Shane van Gisbergen - Motorsport - AthletesVoice
Shane van Gisbergen - Motorsport - AthletesVoice


The lessons of Lowndes

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The lessons of Lowndes


I first came over to Australia to race Supercars in 2007, back when I was with Team Kiwi Racing. I’ve been on the circuit ever since.


The Aussies have always been very good to me and I’ve got a lot of friends here now. But deep down, I know that New Zealand will always be home for me. It’s honestly the best country in the world.


I grew up on the family farm just south of Auckland in a place called Manukau. My parents have about 40 acres there. It’s a bit of a sanctuary.


Mum has always had horses on the farm that she breeds and sometimes takes showing. It’s her passion in life. She’s got 25 at the moment!


Dad was a competitive rally driver back in the day, which is where my love of motorsport came from. He taught me to drive when I was about nine or 10 years old in the beat-up cars he kept on the farm.


I still try to go back as much as I can. I would rather live there if I could because Australia’s just too hot this time of year – not even the air-cons are enough for me – and nothing beats a New Zealand summer!


It’s always great spending some time with my mum, dad, sister and all my mates. They keep me grounded. They’ve all been very supportive of me over the years as well, following the Supercars around a lot. It’s great having them along to the races. To be honest, I reckon they’d still be going even if I wasn’t a part of it.


They really just want me to enjoy my racing, so that’s all I try to focus on. And that’s the great thing about the team at Triple Eight Race Engineering as well. Everyone is so friendly, and we all push each other to be the best we can.


It’s the most fun I’ve had racing in my career.





If there’s one aspect of being a Supercars driver that I find difficult, it’s the media stuff. It has become a pretty tough part of the job if I’m honest.


It wasn’t always this bad for me but, in the last five years, I’ve seen the media get more and more focused on creating headlines.


It’s a change I’ve seen reflected across all sports. There are more and more negative headlines being written that make a spectacle out of things that don’t even matter. It’s a real shame.


Sometimes they don’t consider that the things they write might hurt someone’s feelings.


I’ve been on the receiving end at times, that’s for sure.


For one, the truth is that DJR Team Penske and Triple Eight are two massive teams parked right next to each other in the paddock. The media try to make out as if there is a rift between us. What they don’t show is the camaraderie between us. We have a laugh and play jokes between each other.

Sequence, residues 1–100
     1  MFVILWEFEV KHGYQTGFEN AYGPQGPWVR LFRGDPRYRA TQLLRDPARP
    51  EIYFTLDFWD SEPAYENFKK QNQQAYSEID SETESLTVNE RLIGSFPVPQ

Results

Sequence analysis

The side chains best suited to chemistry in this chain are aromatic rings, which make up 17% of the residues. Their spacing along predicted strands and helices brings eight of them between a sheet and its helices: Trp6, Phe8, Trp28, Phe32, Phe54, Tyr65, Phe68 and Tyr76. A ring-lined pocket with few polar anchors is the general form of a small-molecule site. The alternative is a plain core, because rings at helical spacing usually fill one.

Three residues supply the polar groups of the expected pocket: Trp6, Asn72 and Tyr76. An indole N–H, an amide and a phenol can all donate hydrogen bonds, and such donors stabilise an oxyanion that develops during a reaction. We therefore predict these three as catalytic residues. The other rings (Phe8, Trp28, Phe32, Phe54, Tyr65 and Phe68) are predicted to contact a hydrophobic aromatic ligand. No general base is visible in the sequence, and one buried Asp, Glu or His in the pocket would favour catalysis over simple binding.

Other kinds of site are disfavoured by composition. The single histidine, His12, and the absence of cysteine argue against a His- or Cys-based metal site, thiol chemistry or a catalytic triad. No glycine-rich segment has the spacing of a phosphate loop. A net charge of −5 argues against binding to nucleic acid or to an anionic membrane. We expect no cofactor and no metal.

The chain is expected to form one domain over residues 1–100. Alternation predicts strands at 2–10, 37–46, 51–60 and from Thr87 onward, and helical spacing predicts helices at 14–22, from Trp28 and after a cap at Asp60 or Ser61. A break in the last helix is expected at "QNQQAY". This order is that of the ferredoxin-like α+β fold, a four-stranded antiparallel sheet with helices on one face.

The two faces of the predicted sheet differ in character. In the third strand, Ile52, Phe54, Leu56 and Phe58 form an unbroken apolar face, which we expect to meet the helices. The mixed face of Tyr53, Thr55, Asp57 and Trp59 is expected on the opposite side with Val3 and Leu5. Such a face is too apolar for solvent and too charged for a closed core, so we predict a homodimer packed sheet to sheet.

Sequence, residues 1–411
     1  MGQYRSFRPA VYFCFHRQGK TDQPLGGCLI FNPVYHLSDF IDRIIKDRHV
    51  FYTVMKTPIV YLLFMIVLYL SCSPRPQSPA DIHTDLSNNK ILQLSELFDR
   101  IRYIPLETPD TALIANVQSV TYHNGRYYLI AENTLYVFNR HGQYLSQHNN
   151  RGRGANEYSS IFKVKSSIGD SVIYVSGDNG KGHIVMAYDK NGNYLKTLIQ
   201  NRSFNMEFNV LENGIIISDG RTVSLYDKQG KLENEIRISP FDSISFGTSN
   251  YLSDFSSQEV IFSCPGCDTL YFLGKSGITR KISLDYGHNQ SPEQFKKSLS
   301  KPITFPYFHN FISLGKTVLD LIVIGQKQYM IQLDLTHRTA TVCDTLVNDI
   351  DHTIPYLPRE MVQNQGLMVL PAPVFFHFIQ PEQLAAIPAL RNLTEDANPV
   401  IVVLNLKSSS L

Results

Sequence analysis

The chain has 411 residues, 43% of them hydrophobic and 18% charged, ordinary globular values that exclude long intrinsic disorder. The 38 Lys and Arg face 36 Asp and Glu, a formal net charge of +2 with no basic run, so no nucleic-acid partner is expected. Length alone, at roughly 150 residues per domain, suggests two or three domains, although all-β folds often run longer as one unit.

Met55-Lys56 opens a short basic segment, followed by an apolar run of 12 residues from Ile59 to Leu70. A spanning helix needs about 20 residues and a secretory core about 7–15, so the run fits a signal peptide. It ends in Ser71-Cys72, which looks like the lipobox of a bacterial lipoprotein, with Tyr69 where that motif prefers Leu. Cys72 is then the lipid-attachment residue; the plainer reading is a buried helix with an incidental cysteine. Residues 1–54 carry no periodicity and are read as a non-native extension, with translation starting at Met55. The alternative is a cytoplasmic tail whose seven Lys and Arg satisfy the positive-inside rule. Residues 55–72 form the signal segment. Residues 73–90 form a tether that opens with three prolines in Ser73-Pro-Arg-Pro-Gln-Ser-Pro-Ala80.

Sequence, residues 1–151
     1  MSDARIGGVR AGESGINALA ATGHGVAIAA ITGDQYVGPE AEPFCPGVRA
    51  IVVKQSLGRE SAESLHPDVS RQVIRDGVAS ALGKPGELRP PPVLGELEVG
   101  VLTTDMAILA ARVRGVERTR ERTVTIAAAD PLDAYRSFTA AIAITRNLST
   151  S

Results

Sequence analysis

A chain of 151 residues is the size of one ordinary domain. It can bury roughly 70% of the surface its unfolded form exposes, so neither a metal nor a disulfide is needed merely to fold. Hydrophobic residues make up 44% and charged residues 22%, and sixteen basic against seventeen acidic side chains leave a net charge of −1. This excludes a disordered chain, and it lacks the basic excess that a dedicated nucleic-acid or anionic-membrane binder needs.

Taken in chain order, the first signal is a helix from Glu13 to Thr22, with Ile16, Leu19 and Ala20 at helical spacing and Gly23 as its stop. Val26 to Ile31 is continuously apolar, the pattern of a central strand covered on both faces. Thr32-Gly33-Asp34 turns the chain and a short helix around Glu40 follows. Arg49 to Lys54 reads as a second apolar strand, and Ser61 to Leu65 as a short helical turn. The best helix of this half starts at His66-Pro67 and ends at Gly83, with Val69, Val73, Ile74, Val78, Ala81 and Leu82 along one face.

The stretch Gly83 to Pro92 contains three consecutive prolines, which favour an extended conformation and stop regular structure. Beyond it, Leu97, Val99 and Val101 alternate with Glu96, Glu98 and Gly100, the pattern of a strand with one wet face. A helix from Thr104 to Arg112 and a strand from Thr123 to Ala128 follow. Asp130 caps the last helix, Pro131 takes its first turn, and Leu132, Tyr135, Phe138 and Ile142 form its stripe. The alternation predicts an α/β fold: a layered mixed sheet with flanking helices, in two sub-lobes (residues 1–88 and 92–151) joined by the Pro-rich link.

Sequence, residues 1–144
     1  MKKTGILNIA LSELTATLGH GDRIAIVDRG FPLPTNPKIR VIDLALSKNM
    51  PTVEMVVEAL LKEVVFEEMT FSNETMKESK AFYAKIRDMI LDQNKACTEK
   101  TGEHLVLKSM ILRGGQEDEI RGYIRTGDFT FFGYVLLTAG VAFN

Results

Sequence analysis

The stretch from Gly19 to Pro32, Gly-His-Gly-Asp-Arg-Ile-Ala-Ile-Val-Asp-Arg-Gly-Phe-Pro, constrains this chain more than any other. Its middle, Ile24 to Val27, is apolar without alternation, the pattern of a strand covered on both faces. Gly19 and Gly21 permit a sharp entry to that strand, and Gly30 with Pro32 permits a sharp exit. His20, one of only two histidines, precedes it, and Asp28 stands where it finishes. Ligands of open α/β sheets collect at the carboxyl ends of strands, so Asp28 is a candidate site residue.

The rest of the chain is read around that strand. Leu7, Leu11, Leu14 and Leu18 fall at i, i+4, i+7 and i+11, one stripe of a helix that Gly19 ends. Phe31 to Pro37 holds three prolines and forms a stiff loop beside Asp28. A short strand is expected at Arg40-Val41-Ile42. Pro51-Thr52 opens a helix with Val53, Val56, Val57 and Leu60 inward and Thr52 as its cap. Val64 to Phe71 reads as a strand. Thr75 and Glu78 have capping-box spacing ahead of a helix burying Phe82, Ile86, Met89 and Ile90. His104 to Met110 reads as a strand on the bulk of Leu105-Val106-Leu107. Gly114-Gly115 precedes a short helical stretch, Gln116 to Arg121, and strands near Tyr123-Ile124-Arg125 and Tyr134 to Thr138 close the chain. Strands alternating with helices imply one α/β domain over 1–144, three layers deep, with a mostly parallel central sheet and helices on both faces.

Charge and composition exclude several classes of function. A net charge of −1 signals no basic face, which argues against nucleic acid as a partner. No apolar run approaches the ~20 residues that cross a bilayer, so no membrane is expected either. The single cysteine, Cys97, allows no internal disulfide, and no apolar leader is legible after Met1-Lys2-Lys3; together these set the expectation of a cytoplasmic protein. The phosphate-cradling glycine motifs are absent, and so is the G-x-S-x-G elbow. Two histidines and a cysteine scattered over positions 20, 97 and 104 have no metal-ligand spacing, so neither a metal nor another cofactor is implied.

At the track, everyone is just so stoked to be there. It’s a really cool vibe. I wish fans got to see that stuff.


I don’t think the media needs to be so negatively geared. I’d think the positive stuff would be even better for the sport.


If I’m guilty of one thing, it’s that I probably don’t try to influence the media enough. But that’s not my style. I try to do my talking on the track.





For Craig Lowndes, I’m sure the final race on Sunday in Newcastle is going to feel quite bittersweet as he finishes his career as a full-time driver.


I was a big fan of Craig’s before I started racing. Having had the chance to get to know him and work alongside him over the last few years has been incredible.


Seeing how he is still able to perform at the highest level, winning Bathurst 1000s, at this stage of his career, is inspirational. I hope I can be doing half as well when I’m his age.


The thing about Craig that stands out the most is his enthusiasm.


Even when he’s had a shit day, he’ll still jump out of the car smiling and be happy with everyone. That’s not easy when you consider the incredible pressure we are under.



I’m a different personality. I take everything a bit harder and get so focused on the errors I might have made, and how to fix them. Lately, I’ve been trying to be more relaxed like Craig. He’s set an example for me.


I’d love to have Craig as a co-driver next year, but I think it’s a long shot now. Jamie bought into the team a couple of weeks ago as a shareholder, so I reckon he probably has a bit more say than me now!


And, to be honest, it would be amazing to see those two racing together again as well. Regardless of how it pans out, we’ll be pushing the team to be as strong as ever next year.





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